3. He’s only interested in transmitting his message – however it may be – by closing on any argument that goes against his ideas.
What hides reactive listening?
Many people practice reactive listening because they want to assert their arguments – no matter how or at what price. Basically, they are not interested in the ideas or motives that you can give them because their main objective is to impose their reasons, so that their vision prevails.
These people are not looking for a dialogue, but rather they start a battle in which they want to win. They do not assume dialogue as an opportunity to grow but as a duel. Therefore, they are likely to perceive your arguments as a threat, simply because they do not match theirs, so they feel they must defend themselves.
This implies that they will ignore any glimpse of truth that can enclose your message and that can help them change their minds, broaden their perspective or enrich their point of view because they are only on the lookout for possible contradictions, inaccuracies or hesitations to counterattack.
Of course, we can all practice reactive listening from time to time, especially when we feel that are attacking our ego and we become defensive, but assuming it as a communicative style implies little self-confidence.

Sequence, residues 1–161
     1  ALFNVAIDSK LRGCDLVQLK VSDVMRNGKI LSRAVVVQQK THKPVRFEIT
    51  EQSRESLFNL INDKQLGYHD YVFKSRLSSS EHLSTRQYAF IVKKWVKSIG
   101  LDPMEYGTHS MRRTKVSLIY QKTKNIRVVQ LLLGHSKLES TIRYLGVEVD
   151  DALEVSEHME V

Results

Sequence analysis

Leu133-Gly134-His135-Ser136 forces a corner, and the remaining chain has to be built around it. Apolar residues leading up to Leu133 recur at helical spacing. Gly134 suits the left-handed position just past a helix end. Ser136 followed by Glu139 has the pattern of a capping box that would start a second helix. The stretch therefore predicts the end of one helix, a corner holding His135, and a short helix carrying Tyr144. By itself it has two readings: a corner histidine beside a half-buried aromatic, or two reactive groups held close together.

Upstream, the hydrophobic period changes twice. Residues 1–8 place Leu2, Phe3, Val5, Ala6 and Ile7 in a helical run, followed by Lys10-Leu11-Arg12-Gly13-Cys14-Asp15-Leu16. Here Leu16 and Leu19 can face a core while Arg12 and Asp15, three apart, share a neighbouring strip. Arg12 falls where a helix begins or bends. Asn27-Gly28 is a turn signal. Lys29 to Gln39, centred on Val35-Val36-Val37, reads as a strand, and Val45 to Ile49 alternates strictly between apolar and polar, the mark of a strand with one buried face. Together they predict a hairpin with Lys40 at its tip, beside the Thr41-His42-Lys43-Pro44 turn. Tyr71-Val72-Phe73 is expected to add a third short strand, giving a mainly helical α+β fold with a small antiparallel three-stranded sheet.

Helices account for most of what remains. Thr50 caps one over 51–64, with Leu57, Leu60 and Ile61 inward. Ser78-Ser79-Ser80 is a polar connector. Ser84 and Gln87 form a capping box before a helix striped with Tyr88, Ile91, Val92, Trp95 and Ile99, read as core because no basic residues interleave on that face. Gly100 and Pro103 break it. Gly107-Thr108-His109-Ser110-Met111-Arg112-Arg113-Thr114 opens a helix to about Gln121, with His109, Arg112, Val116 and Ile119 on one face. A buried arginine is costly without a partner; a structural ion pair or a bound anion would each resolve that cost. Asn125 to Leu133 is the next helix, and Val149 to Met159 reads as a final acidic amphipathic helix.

A mature, assertive and self-confident person does not feel the need to impose his arguments, but is open to dialogue and receptive to different points of view that can enrich his worldview or help him better understand who is in front of him. Therefore, deep down, reactive listening is the expression of a fragile ego or deep personal insecurity.
Martin Luther King said that “Your truth will increase as you listen to the truth of others.” The person who closes the doors to the ideas of others ends up running the risk of being locked in an increasingly limited vision of the world, of life and of himself.
The 3 steps to deactivate reactive listening
Talking with a person who listens reactively is often exhausting. You are likely to try different paths/arguments and each stumble upon a wall of misunderstanding. That can be very frustrating. In those cases, for the dialogue to progress, you need to deactivate that listening mode.
However, you must start from the fact that all communication contains a certain degree of dispersion since between what you think and what your interlocutor understands there’s a good distance, as shown in the image below. That is why you must ensure that your message arrives as clearly as possible.